By: Eric Myers
Guard Eric Ayala said he wasn’t surprised that he made the 3-pointer after his dribble left Carsen Edwards falling to the surface of Gary Williams Court.
He was surprised, however, when a reporter mentioned after the game that Maryland men’s basketball’s freshmen scored 21 straight points in the second half.
“You said 21 straight points?” Ayala responded to the question. “By the freshmen? Oh, wow. That’s tough.”
That scoring run from the first-year players helped lead No. 24 Maryland’s second-half comeback past No. 12 Purdue, who they eventually beat 70-56 on Tuesday night at the Xfinity Center.
It was Jalen Smith who initiated the freshmen frenzy with a layup, a dunk off Bruno Fernando’s pass out of the double team and a floater in the lane. The big man’s six-straight points for the Terps helped him overcome a 1-of-7 shooting first half to finish 7-of-15 with a team-high 16 points.
“I feel like [Jalen] grew up,” guard Darryl Morsell said. “He grew up from a freshman in college in the first half to a grown man in the second half.”
With Smith’s string of points, Maryland cut Purdue’s eight-point halftime lead down to two. But Purdue and Edwards had the answer at that time. After a Matt Haarms free throw, Edwards hit a pull-up 3-point shot and pushed the Boilermaker lead back to six.
After the ball found the bottom of the net, Ayala brought the ball up to half-court on the ensuing possession. As the freshman crossed the half-court line, he faked a crossover that shook Edwards to the floor. Ayala handed off to fellow guard Anthony Cowan, then sprinted to the wing. Cowan found his backcourt running mate, and Ayala knocked down the 3-point shot.
Edwards tried to immediately respond on the other end of the floor, but his 3-point shot fell well short of reaching the backet.
Following the airball, Maryland took possession and earned an inbounds play with a foul. During that under-12 media timeout, coach Mark Turgeon drew up a play for Ayala. The guard curled off a screen from Fernando to the corner, received the pass and hit his second-consecutive perimeter shot to tie the game at 48.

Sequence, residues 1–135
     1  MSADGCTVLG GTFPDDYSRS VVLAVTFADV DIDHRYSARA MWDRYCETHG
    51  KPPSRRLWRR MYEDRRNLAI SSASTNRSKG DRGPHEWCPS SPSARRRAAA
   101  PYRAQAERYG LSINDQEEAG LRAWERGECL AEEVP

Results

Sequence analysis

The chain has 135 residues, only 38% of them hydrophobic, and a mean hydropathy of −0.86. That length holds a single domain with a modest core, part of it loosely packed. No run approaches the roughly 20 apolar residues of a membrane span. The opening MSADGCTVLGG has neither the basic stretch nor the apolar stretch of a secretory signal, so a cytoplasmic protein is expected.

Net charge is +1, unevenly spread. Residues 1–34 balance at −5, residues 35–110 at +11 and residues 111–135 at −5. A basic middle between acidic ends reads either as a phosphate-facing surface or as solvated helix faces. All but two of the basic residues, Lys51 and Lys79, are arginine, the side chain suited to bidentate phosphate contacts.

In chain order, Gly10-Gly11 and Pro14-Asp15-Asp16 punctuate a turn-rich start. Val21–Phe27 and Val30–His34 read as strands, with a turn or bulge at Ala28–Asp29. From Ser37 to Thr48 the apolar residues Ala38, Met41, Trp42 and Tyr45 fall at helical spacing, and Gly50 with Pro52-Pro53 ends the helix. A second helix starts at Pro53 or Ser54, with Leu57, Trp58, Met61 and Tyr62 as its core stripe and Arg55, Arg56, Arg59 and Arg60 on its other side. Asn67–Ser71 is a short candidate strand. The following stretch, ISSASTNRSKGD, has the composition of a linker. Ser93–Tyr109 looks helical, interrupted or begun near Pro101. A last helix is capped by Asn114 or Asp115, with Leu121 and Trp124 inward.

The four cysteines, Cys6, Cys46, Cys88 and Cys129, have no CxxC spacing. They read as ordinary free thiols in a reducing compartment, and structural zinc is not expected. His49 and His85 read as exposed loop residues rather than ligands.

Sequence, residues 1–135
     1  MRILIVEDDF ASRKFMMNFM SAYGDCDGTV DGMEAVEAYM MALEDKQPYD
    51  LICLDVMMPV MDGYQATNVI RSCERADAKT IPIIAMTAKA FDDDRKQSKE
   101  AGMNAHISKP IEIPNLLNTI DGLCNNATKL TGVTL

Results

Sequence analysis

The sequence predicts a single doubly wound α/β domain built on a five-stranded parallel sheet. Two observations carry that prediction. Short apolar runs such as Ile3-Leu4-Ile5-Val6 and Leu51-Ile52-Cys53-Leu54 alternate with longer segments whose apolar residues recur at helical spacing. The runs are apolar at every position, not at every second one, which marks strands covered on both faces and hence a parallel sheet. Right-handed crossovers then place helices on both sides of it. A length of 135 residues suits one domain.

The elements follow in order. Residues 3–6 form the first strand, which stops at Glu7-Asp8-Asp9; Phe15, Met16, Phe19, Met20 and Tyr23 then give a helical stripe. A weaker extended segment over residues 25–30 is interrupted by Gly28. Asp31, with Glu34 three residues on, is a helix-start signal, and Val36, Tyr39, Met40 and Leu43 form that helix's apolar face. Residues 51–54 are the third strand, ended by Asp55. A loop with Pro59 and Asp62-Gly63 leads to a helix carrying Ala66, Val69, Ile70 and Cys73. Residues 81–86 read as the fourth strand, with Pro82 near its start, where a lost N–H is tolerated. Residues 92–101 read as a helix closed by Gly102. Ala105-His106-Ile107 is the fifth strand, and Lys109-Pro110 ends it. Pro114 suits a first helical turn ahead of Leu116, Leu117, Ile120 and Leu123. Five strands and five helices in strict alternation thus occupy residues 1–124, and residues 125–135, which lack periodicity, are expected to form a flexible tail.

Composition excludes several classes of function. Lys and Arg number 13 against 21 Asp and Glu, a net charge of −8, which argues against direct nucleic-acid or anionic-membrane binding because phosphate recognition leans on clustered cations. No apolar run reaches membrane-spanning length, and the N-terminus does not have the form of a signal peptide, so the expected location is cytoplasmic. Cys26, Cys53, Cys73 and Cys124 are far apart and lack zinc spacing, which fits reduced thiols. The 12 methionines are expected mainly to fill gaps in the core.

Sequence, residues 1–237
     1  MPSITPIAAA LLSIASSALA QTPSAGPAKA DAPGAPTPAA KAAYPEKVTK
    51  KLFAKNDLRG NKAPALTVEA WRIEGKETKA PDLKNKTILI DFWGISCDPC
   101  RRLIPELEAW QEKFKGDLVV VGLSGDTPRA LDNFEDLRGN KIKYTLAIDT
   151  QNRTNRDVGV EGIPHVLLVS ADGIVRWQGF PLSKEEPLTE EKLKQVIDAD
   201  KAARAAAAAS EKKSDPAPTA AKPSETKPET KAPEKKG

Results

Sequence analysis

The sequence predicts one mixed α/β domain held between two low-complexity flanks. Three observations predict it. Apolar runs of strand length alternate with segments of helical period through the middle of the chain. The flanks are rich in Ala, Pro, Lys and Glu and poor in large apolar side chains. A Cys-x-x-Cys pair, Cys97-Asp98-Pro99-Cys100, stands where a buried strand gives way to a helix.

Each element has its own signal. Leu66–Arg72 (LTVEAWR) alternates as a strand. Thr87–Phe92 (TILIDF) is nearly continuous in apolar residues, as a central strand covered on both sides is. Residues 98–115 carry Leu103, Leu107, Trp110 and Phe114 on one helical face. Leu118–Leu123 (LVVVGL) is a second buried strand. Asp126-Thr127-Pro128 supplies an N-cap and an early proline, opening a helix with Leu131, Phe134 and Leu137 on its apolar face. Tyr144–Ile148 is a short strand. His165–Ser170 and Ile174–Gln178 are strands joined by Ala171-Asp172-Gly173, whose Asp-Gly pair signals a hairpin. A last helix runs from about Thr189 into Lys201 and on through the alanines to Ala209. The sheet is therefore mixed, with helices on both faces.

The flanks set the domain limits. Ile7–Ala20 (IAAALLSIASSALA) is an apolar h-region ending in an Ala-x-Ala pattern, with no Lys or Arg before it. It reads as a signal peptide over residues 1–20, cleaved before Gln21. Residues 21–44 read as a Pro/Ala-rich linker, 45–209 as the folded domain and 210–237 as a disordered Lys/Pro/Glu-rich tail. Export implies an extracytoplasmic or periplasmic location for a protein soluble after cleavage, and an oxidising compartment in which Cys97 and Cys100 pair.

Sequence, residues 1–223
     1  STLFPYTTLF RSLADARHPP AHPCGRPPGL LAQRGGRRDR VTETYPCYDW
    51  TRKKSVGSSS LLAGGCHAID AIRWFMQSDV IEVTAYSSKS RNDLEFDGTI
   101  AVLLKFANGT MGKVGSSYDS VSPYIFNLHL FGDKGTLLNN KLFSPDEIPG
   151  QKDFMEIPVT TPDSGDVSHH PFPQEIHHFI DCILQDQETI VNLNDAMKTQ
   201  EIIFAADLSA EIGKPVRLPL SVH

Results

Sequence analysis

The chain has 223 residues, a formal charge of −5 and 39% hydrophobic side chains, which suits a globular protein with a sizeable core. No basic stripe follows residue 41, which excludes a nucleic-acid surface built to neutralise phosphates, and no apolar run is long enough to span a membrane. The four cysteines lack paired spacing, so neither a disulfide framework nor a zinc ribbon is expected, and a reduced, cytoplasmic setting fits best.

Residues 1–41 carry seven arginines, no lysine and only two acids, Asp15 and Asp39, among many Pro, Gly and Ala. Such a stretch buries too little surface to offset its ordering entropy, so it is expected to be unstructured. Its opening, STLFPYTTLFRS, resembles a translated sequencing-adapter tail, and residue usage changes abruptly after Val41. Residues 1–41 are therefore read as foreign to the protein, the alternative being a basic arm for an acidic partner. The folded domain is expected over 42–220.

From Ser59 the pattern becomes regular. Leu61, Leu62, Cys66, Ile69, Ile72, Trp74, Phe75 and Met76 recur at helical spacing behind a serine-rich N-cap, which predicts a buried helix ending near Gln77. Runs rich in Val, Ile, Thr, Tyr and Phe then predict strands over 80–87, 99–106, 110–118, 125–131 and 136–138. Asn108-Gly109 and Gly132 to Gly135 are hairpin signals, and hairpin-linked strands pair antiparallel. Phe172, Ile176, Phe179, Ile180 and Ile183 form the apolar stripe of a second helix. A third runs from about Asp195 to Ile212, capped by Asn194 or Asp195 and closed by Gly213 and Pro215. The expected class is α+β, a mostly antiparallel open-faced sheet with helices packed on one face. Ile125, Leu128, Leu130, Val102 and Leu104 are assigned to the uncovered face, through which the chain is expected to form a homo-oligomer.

“That was huge. That was the game,” Purdue coach Matt Painter said. “We don’t lose the game right there, but we’re also in a position to push that lead and we don’t.”
As Purdue failed to extend that lead, Maryland capitalized and took their first lead of the game at 50-48 at about 10 minutes to play with a lob pass from just within midcourt to a streaking Smith in transition for the alley-oop dunk.
Guard Aaron Wiggins also scored five straight points to add to the freshmen scoring run and to Maryland’s lead.
Ayala’s back-to-back 3-point shots signified another turn in the game beyond just tying the score. After Ayala’s dribble put him to the floor, Edwards shot 0-for-6 from the field and scored his only two points at the free-throw line.
That trend was a part of a second half where Edwards, the Big Ten’s leading scorer entering the game at 24.6 points per contest, shot 2-of-13 and scored seven points. Those shooting and scoring numbers were an instrumental part of the Terps holding the Boilermakers to 18 points after the halftime break.
Morsell led the charge on defending Edwards and tried to make every shot difficult, which especially rang true in that second half following Edwards’ 17 points before halftime.
“I was locked in. He had 17 in the first half, so I kind of took it personal,” Morsell said.
The defensive effort from Morsell and the rest of the Terps allowed the freshmen scoring run to stand up in the end.
“Our freshmen [are] growing up,” Fernando said. “Just them having the confidence they have and stepping up in game situations like that, it’s great for us.”